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Global Perspectives for Local Action: Using TIMSS to Improve U.S. Mathematics and Science Education United States does (Table 5-3). Certification requirements depend in part on the level of school at which one will teach, but the typical pattern is four or five years of university preparation followed by two years of paid student teaching. Students pursuing certification to teach in one of Germany's academically selective high schools prepare in two subject areas and take extra courses in these areas, while those bound for academically less intense schools take more courses in general education (Milotich, 1996, p. 315). In Germany, university preparation is only the beginning of formal training. Preservice teachers take two certification examinations, one following university coursework and a second after the two years of student teaching. The first exam includes a written thesis in one's subject area or in education, written and oral examinations, and sometimes a practical exam (Milotich, 1996, p. 315). As many as two-thirds of students who begin university teacher preparation change career goals before reaching the first examination; among those who do take the first examination, ''quite a few'' never embark on student teaching (Milotich, 1996, p. 318). Student teaching, a phased experience, combines seminar study, classroom observation, assisted teaching, independent teaching, and preparation for the second state examination. Students work with mentor teachers in their subject areas as well as with seminar instructors who are themselves practicing teachers. The second state exam is judged by a committee of teachers, mentors, seminar instructors, and a representative of the state ministry of education. The committee weighs factors that include reports by mentor teachers; the candidate's written thesis on lessons and units taught; and an oral examination on methodology, subject-related issues, or school laws and organization (Milotich, 1996, p. 321). Germany's approach seems starkly different from U.S. approaches, but teachers in the two countries give surprisingly similar assessments of their preparation. German teachers said their university training was too theoretical, teacher preparation programs were fragmented, and inadequate guidance was offered. They considered student teaching very helpful but vulnerable to the weaknesses of mentors and seminar instructors. Many teachers said their mentors were ill prepared to help novices. Germany's mentor teachers receive no release time or compensation for their work. In Japan, university graduates must take a highly competitive examination to qualify for a teaching position. Field experience for preservice teachers typically lasts a mere two to four weeks, but beginning teachers value it highly. The experience is seen less as an opportunity to put academic knowledge into practice than as a chance for learning the patterns of interaction that exist between teachers and pupils. While the Japanese preservice system seems to offer beginners little sustained support for learning their profession, the Japanese approach views preservice preparation as only a small beginning in a career launched and marked by mentoring relationships. Professional Development for New Teachers Professional development of teachers is as different among countries as teacher prepara-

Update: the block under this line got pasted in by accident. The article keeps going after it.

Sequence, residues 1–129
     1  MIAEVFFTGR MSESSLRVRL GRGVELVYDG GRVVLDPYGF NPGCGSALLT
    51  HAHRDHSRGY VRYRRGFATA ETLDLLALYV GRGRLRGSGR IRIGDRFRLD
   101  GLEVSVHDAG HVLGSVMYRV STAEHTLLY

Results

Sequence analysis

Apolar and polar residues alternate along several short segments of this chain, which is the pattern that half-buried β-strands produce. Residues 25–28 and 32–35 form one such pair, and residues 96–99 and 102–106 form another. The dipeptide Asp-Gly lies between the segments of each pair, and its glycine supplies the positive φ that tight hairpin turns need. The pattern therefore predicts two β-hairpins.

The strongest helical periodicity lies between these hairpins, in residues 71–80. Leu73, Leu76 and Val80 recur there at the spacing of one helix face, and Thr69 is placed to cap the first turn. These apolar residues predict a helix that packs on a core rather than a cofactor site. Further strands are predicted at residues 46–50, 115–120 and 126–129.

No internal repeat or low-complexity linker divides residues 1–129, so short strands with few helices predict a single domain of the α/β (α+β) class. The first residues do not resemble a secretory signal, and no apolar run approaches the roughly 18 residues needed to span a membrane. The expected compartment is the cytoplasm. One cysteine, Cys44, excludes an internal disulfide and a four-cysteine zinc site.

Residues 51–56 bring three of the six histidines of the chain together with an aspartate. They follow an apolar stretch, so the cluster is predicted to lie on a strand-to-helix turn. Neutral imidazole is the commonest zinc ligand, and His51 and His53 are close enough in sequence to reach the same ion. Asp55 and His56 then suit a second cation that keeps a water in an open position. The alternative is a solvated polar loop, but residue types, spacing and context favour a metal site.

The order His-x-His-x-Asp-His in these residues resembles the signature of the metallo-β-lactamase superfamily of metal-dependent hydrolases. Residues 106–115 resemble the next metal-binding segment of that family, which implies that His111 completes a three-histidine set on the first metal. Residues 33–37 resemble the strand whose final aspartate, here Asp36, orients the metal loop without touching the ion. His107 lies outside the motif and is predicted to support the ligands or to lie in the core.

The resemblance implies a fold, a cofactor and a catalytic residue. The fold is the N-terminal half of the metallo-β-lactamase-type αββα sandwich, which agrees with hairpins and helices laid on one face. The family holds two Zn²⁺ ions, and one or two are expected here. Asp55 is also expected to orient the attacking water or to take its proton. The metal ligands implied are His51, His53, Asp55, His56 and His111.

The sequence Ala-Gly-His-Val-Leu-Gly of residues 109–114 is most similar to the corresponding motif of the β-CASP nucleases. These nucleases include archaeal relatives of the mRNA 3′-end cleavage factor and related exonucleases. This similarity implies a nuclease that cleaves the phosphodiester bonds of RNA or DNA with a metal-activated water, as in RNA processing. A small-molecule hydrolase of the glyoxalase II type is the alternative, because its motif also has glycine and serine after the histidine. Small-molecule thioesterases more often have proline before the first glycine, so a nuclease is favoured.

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Global Perspectives for Local Action: Using TIMSS to Improve U.S. Mathematics and Science Education tion. The case studies portray sharply different images of what professional development comprises, where and when it occurs, and the assumptions that underlie it. Not only do Germany, Japan, and the United States structure professional development opportunities differently, but differences in practice—how teachers experience professional development—exceed the differences in policy. The United States appears to offer a less formal or coherent system of professional development than do Germany and Japan. Beginning teachers are expected immediately to take on the same duties and schedules as their more experienced peers, often without formal assistance. Although mentoring of first-year teachers is on the rise as official policy, there is no consistent approach to it. Communities vary greatly in such factors as the preparation and support given mentors and expectations for collaboration between mentors and novices. Germany and Japan have more formal systems of induction to teaching. Just as Germany requires all new teachers to participate in a two-year, field-based student teaching experience, Japan assigns a mentor and requires additional study for first-year teachers. The German and Japanese approaches represent national policies that support the new teacher's transition from university preparation to work in schools. The German and Japanese approaches differ greatly from each other, however. Germany's program is clearly a student teaching experience. While participants are paid (albeit less than licensed teachers), hired by districts, and work in schools, their experience—both the classroom experience and the associated seminar study and examination preparation—is preparation, almost always for a position not in the school in which they are student teaching. While the teachers interviewed stressed the importance of the experience to their learning, they spoke less about the value of learning from other teachers and more about the importance of being grounded in practice (Milotich, 1996, p. 320). Japan in the past decade has mandated an intensive mentoring and training program for all teachers in their first year on the job, a system reflecting the culture's widespread assumption that elders should guide novices. New teachers in their first year have at least 60 days of closely mentored teaching and 30 days of further training at resource centers run by local and prefectural boards of education. To allow for these activities, their teaching load is reduced (U.S. Department of Education, 1996, p. 51). Junior high and high school novices teach about 10 hours a week and go to the resource center one day each week. Of the 90 days of training provided to the newest teachers, 60 occur within the school (Kinney, 1998, p. 204). In its interweaving of practice and study and its practice of learning from colleagues, Japan's orientation to teacher learning seems consistent with the country's norms of professional development in many other fields. Professional Development over the Career Japan displays a systematic orientation to lifelong learning, in contrast to the more ad hoc approaches taken by Germany and the United States to the professional development of experienced teachers. Japanese teachers rotate among schools every six years, often changing grades as well.